Books: About Palestinians inside Israel


Scroll down to see the books in this category.

These collections of books have been assembled from many sources of recommended reading on Israel/Palestine, including: the United Church of Christ (UCC) and UCC PIN, Sabeel, Israel/Palestine Mission Network (IPMN) in the Presbyterian Church (U.S.A.), Jews for Justice for Palestinians (JFJFP) and others. Many of the book descriptions are taken from Amazon.com; some come from the source of that book recommendation.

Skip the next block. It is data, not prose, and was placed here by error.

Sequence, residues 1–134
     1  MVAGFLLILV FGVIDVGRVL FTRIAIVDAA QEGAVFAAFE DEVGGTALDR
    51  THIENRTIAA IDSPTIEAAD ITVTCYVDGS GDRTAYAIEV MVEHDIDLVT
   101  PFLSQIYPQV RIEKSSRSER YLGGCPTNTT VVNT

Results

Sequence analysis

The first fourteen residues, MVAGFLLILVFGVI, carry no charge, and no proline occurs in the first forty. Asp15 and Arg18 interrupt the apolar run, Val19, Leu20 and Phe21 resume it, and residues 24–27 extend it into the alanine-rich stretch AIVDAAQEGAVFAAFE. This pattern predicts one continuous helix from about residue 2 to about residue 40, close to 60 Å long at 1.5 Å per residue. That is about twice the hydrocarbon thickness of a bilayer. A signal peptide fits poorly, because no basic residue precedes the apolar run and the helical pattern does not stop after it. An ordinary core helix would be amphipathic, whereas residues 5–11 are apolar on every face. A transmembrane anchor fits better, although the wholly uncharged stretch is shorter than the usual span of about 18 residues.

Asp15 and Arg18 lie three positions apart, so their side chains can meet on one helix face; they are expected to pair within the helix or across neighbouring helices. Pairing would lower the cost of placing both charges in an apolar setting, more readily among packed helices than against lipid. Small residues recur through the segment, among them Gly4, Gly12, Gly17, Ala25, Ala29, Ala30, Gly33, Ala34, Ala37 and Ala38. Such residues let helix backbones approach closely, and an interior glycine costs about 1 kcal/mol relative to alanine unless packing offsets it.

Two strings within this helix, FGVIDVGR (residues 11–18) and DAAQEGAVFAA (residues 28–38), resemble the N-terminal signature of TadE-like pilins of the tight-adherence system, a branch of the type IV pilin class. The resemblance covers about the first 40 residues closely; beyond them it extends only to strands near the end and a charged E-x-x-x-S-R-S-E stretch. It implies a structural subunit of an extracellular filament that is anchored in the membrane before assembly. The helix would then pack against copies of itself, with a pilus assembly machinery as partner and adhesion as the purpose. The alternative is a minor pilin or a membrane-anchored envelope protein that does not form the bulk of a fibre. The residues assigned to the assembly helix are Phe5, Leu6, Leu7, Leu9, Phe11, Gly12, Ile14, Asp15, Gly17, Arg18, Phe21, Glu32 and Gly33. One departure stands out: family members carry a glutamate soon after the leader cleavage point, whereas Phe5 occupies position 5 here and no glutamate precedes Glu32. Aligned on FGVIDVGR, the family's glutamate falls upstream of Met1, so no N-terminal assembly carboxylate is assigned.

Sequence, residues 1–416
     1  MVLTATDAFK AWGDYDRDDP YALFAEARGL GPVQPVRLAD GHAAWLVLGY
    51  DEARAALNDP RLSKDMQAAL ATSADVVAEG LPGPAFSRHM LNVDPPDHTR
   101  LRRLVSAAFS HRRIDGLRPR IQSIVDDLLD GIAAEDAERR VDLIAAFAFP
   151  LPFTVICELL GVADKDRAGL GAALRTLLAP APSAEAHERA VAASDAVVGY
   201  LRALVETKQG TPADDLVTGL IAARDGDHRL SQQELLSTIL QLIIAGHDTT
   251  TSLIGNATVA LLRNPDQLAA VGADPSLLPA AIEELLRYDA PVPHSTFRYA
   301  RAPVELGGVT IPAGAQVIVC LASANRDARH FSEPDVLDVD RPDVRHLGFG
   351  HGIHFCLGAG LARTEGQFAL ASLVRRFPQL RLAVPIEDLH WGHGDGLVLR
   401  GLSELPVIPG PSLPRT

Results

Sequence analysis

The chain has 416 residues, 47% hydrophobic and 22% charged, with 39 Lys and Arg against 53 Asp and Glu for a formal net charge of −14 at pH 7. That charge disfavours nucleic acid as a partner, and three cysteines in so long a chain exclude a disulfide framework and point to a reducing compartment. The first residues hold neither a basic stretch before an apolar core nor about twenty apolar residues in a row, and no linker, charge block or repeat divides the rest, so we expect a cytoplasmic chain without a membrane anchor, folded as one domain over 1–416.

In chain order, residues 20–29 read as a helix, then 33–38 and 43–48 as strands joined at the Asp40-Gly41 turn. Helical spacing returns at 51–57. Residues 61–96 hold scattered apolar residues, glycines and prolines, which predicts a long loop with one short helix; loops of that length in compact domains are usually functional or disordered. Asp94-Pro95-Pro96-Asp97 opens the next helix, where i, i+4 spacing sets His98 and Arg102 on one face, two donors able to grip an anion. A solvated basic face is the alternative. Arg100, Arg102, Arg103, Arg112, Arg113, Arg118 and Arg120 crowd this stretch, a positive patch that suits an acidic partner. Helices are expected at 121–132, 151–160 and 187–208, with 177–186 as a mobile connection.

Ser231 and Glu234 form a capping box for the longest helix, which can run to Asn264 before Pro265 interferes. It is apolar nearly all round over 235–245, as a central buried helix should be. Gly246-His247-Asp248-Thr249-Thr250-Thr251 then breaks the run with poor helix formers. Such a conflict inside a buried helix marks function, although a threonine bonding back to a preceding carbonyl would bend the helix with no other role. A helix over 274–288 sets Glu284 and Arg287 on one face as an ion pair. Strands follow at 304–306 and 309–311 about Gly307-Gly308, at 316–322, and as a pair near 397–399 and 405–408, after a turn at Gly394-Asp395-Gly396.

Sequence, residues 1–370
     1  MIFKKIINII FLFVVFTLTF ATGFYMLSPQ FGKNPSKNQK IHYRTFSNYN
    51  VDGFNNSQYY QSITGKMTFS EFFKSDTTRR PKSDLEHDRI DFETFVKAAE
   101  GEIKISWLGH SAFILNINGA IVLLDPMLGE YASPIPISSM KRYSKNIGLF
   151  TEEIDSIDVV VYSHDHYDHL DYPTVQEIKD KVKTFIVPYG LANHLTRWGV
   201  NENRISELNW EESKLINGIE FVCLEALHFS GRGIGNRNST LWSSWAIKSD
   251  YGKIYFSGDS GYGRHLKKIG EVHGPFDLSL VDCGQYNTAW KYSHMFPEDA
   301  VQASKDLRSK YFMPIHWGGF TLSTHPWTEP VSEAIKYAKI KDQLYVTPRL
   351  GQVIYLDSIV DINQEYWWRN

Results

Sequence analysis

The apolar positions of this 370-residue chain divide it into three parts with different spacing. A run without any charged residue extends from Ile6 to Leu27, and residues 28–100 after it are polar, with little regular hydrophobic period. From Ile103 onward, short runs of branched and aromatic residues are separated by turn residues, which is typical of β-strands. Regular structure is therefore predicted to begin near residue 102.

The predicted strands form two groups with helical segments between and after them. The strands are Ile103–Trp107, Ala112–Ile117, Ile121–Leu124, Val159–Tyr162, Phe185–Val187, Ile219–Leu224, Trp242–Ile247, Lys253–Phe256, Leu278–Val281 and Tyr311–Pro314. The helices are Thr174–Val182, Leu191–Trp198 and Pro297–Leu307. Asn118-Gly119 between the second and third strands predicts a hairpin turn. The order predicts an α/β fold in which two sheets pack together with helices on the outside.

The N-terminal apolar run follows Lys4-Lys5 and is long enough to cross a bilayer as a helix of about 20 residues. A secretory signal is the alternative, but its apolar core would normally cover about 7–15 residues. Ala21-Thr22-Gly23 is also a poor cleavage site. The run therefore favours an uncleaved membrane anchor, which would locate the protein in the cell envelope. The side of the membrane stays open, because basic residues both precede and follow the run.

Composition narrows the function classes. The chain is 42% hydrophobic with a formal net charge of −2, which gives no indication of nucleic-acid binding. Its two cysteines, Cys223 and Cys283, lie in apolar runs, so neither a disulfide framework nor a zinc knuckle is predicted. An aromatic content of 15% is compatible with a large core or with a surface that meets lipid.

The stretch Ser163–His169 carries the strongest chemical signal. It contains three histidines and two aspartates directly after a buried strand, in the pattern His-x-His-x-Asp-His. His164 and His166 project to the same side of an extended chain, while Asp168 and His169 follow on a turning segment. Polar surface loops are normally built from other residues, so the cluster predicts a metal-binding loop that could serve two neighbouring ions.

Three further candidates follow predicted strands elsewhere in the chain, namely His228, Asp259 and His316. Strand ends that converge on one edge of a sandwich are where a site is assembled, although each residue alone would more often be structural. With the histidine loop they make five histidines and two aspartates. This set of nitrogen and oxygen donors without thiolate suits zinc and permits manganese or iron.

Presented in the following categories on individual pages:
About/By Palestinian Christians
Religion; The Bible; Christian Zionism
History
Personal Histories: Memoirs, Autobiographies, Novels
Political Analysis; Diplomatic History
The Current Situation
About Palestinians inside Israel
Zionism; Jewish Identity
Faith Relations; Anti-Semitism
Art; Illustration; Poetry
Tourism; The Politics of Tourism
Please note: some books are listed in more than one category.
The order of the books within each category is random and is not related to the importance of the work.

Please send us your suggestions for additions to these lists; contact us at info@palestineportal.org.

Citizen Strangers, by Shira Robinson